Saturday, 12 January 2013

A New Year, A New Me

Me. Photo by Hannah Wheeler
2013 is officially in full swing, and the time has come to start honouring those New Year's resolutions. Did you make any? Have you broken them yet?

I never normally bother, knowing that any change I feel 'forced' to make will almost certainly be impossible to keep to. However, this year is different. This year I'm different. I feel more confident, independent and a little bit more in control of my life. I don't know if it's something that is happening with age or if it's to do with finally being settled, but I intend to take it and run with it.

My resolution is simply this: Get My Shit Together.

Up until now I have coasted through life like a teenager, without ambition or any sense of direction. I have also always been famously disorganised and incredibly untidy. I would always shrug off these negative qualities as being 'just part of me', but the fact is that I was scared of growing up. Scared of trying to better myself out of a fear of failure. That's no longer an issue. Suddenly I'm aware that I can do whatever I want as long as I'm willing to put in enough effort to achieve my goals.

First things first, I had to tackle my complete reluctance to tidy up after myself. I actually started this back in October when we moved into our new home. The bungalow looked so pretty that I didn't want to leave my clothes on the floor or washing up on the side. Of course, I still slip up occasionally (usually after a heavy weekend) but I know that it won't take me long to put right, so I get on with it rather than procrastinating for a week (or far, far longer).

The next obstacle to tackle was my lack of organisational skills. Particularly in regards to money. I'm terrible with money, basically because I have no will power. If I see a pair of shoes that I love, it won't occur to me to check whether I can actually afford them. I just buy them, and sod any bills that may also be due to come out that month. I'd think nothing of having a £50 night out every other week, despite the fact that I could barely afford to contribute to the food shopping. Moving put a stop to that sort of behaviour. Having lived with my parents for the past two years, we only had our rent to worry about. Now we have rent, council tax, water, electricity, gas and all of the other things that come with being responsible for your own home. It's also not just my home, if I fail to pay my half of the bills, it causes problems for Mr M as well. I'm also prone to just forgetting to pay. So, even if the money is in the bank, sometimes it takes a red reminder to give me a kick up the bottom. This is the year that all that stops. I have bought myself a box file for all of my bills and paperwork, I have reminders set up to help me with credit card and catalogue balances, and I have a spending log - a little notebook in which I itemise every little amount that I spend. More often than not, it's the small purchases that add up to debt. The odd five pounds that you spend and instantly forget about.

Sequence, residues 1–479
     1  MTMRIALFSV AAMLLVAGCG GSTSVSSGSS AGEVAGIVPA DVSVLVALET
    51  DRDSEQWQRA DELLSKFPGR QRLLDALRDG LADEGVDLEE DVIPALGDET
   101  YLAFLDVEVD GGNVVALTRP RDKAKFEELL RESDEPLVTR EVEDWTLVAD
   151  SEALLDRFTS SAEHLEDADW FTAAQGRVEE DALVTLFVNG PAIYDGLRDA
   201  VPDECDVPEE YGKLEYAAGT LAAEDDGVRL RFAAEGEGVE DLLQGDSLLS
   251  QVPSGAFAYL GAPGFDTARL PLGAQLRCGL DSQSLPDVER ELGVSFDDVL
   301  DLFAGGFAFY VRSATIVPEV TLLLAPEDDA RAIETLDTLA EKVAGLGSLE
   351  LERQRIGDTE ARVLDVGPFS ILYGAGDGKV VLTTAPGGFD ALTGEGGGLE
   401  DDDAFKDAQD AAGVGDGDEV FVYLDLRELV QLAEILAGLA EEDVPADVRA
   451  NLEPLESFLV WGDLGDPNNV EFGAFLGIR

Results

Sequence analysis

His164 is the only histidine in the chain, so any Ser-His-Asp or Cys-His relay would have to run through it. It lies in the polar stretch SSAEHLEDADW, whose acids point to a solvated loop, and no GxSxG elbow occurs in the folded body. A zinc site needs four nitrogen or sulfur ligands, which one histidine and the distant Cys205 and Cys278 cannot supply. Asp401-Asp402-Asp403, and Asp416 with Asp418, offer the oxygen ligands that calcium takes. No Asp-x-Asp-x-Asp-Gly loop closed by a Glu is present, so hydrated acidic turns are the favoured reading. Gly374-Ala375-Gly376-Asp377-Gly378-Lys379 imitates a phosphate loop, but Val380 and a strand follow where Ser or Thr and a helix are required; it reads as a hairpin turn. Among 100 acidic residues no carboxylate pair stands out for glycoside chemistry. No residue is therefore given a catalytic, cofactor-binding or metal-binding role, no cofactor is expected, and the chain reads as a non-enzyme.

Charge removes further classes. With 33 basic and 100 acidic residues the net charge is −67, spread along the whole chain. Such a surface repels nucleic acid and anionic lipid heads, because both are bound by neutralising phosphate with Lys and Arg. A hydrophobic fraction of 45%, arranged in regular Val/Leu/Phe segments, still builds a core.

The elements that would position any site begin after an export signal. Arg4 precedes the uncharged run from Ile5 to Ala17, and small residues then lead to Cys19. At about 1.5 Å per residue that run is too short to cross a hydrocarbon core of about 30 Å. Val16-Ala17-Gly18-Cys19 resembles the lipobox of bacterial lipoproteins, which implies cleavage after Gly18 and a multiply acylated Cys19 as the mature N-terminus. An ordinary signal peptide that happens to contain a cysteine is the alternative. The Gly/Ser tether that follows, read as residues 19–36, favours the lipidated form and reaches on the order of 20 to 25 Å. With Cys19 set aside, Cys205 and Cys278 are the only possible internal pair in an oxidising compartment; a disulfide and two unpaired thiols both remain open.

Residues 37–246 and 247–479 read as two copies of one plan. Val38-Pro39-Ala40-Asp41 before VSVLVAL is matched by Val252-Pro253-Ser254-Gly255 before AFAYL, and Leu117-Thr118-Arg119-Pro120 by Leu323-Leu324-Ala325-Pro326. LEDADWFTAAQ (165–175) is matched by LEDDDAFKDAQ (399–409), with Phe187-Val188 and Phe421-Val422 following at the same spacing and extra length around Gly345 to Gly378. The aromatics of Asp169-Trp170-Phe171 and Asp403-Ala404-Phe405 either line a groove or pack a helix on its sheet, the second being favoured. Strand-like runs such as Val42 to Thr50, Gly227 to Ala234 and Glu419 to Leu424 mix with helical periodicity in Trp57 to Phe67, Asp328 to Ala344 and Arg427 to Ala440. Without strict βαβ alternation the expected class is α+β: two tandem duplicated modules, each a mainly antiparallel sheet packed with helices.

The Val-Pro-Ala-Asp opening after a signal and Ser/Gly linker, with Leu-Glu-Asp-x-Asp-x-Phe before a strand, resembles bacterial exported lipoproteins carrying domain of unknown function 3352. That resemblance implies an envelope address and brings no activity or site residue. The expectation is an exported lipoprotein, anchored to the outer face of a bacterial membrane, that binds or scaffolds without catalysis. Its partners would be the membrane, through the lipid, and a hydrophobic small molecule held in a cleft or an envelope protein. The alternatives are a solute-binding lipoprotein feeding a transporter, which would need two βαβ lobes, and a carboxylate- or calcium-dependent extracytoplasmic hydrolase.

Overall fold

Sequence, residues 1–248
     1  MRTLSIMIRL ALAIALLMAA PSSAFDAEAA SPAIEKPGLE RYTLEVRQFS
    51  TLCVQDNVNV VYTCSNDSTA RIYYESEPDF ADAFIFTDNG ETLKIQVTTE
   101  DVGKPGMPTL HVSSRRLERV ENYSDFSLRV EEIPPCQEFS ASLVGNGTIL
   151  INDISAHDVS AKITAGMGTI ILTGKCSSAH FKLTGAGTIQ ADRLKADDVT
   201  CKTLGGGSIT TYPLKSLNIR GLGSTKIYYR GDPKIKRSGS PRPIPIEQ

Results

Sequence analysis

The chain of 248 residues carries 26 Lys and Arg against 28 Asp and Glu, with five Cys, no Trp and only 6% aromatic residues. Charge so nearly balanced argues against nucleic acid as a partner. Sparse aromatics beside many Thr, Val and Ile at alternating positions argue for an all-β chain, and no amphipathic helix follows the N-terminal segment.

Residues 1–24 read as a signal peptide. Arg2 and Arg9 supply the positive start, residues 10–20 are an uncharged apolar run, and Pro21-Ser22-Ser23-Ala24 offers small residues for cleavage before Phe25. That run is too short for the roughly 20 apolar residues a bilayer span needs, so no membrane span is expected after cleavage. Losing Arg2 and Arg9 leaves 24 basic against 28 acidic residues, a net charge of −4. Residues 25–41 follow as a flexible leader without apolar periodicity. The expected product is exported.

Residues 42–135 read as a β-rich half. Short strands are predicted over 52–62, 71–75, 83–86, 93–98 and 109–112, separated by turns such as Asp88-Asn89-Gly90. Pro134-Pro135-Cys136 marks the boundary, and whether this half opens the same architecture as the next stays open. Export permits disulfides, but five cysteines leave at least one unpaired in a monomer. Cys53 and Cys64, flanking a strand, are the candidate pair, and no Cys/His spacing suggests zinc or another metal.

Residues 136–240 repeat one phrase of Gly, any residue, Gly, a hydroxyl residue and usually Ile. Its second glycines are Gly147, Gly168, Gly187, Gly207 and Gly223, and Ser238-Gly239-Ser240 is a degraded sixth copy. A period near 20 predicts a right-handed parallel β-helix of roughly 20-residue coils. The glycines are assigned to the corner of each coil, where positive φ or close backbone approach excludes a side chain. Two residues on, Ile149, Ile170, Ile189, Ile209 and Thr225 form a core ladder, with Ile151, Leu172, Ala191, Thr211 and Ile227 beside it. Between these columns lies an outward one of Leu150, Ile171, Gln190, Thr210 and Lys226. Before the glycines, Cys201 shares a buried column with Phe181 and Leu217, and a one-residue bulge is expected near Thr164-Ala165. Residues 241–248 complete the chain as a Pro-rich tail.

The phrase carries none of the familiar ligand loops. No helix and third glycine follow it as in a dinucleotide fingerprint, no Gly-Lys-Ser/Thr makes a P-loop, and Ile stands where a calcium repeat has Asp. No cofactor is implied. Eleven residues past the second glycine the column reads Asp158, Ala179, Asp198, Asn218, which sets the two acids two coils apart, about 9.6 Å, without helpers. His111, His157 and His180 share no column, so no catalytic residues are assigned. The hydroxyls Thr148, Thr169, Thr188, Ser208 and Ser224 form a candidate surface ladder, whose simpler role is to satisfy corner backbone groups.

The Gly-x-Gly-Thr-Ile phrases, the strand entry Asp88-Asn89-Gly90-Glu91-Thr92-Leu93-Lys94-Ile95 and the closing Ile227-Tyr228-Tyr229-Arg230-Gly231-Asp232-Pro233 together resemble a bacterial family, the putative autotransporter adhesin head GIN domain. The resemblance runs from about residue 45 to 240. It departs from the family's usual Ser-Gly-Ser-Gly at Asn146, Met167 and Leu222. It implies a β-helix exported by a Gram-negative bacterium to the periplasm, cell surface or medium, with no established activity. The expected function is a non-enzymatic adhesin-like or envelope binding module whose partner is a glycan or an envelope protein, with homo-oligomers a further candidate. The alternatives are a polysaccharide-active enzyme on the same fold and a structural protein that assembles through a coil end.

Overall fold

Having worked out a plan to get the basic areas of my life into some sort of order, I felt ready to take on the biggest challenge of all - my lack of ambition. 

As a little girl I always wanted to be a journalist. Somewhere along the line I lost confidence in my writing ability and, by my teens, I had no idea in which direction I wanted my life to go. At school I made plans to take my A-levels and go to law school. I never wanted to be a lawyer, but people were impressed when I told them that I did. However, lacking conviction in what I was doing, I dropped out of school halfway through my first year of sixth form. My parents were devastated. I had worked so hard and done so well up until that point and then just gave it all up. To them it seemed like a terrible waste of an education. For me it was an opportunity to take a step back and take time to work out what I wanted to do. It just took a lot longer than I expected.

I toyed with the idea of being an artist for a while, craving a creative lifestyle, but I always felt a bit like an imposter. Drawing my cheesecake pin-up girls was fun but I couldn't see myself doing it for the rest of my life. I certainly never felt like an artist. I could draw, I loved drawing, but it wasn't what I was. Just over a year ago, I began blogging. The response I got from friends was wonderful and has continued to blow me away with each piece that I publish. Slowly but surely my confidence has returned, and the path towards journalism is once again illuminated for me. It was always there, I just lost my way somewhere along the line.

In February I will be starting a BA in English Language and Literature. Without A-levels, the Open University was my obvious option for higher education and means that I can continue work, but they do not offer an undergraduates course in journalism. Degree or no degree, I need experience in order for future employers to take me seriously. That in mind, I contacted a local news website and offered my services. After presenting my blog as proof of my ability to string a few sentences together, I was offered a regular column (as well as the odd news feature to help the editor out). There's no money involved, but the sense of purpose I get when I'm researching or writing a piece is indescribable. There's truly nothing else I'm supposed to be doing.

So this year really is heralding a new start for me. One that doesn't leave an awful lot of time for myself, admittedly, but I've spent the past twenty eight years relaxing and resting on my laurels. It's time to get out there and show the world what I've got, because what I've got really is worth seeing.

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